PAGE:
ORANGE, NJ — In a momentous reassertion of tradition before family and friends in the wake of the pandemic, the 2021 Orange High School commencement ceremony was celebrated Wednesday evening, June 23, at the Richard Codey Arena.
The event began with the procession of seniors and dignitaries entering the arena to an astounding rendition of “Pomp and Circumstance” accented by powerful drumming. The Pledge of Allegiance was then led by Gloria Noel, followed by a lovely, delicate performance of the national anthem by Xiomara Stratta. Both girls are in the Class of 2023. One hundred and ninety seniors were listed in the program.
After thanking the faculty for shaping their lives, Senior Class President Irica Grigsby introduced Principal Jason Belton as “our fearless leader.” Belton immediately asked everyone to give the seniors a round of applause.
“I’ve seen you guys persevere COVID,” he told the class.
In the more than a year that the school building was closed, Belton said the senior class had seen much, including the George Floyd demonstrations, the first black woman to become vice president of the United States and Black Lives Matter marches.
“This group is special to me,” he said of the Class of 2021. “I can stay up here all night and run off their names.”
He told the students that it was important to learn what factors will motivate them to succeed. For him, it was poverty. He went to college, he said, but when he got there, he “lost his way.”
“I forgot about opening the refrigerator and seeing an empty box,” he said.
But a college roommate took him aside and told him he had to apply himself to his studies. Belton said God put that person there to redirect him.
“You’re going to have to put in the work, no excuses,” he said. “I need you to come back and mentor young kids. You make sure you do something special for the kids of Orange. You make sure you make it back home.”
And if you should have any trouble, he said, call OHS for help.
“Life is going to punch you in the mouth,” said Belton, who had told the audience that as a youth he had trained as a boxer. “You have the community behind you.”
Orange Schools Superintendent Gerald Fitzhugh II echoed Belton’s words.
“The work is not done,” he said. “And remember to give back, because you’re an example for the people coming up.”
Fitzhugh told the seniors they had earned their place at the table and not to let anyone tell them otherwise.
“You’ve accomplished your first goal,” he said. “You graduated from Orange High School.”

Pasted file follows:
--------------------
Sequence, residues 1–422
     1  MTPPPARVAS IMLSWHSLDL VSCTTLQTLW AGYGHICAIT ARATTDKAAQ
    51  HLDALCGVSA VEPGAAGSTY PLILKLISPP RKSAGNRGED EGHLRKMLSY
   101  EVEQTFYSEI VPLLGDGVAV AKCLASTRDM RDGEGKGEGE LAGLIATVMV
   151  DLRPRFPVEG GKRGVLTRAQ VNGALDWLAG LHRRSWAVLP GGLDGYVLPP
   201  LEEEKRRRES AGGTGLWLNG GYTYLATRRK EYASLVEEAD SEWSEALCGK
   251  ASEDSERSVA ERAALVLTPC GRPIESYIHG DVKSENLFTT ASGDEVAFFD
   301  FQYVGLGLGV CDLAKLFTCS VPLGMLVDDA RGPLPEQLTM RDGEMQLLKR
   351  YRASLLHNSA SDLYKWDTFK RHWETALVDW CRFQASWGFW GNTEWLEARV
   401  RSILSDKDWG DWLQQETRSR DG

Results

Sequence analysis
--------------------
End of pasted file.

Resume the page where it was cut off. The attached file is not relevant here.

He added that OHS seniors had been awarded a historic amount of college scholarship money. The program provided a list of 97 colleges and scholarships totaling nearly $17 million.
Orange Mayor Dwayne Warren spoke next, telling the graduates that, in 1984, he was sitting right where the Class of 2021 was sitting. It was a time, he said, when he thought the white man was holding black people down and a time when a black person did not even know what the inside of the White House looked like.
“But now there’s not a place where your face isn’t seen,” Warren said. “You’ll represent us well. Wake people up. Let people know there’s genius in this room.”
The Rev. H. William Rutherford III of the Ebenezer Baptist Church in Orange then spoke. He reminded the Class of 2021 that they were graduating in a world of systemic racism.
“I’m proud of you,” he said. “You’re the best of us. You made it this far against the odds.”
He told them to listen to their inner voice.
“Listen to that voice no matter what you hear on social media,” he said. “Get in touch with that voice and lead with love and embrace your street smarts and your book smarts.”
Everyone is afraid of something, he said, but he wanted the graduating seniors to “own their fear,” because they were each made a success by their creator.
“Don’t let other people impart their fear on you,” Rutherford said. “Trust in your creator and lead with love in every relationship.”
Following the OHS Graduates’ Oath, the presentation and acceptance of the class, nearly 200 hard-earned diplomas were awarded, capping the end of a singular school year.
The OHS Class of 2021 valedictorian was Sunny Andarge, and the salutatorian was Qualiyyah Bass.
Photos by Daniel Jackovino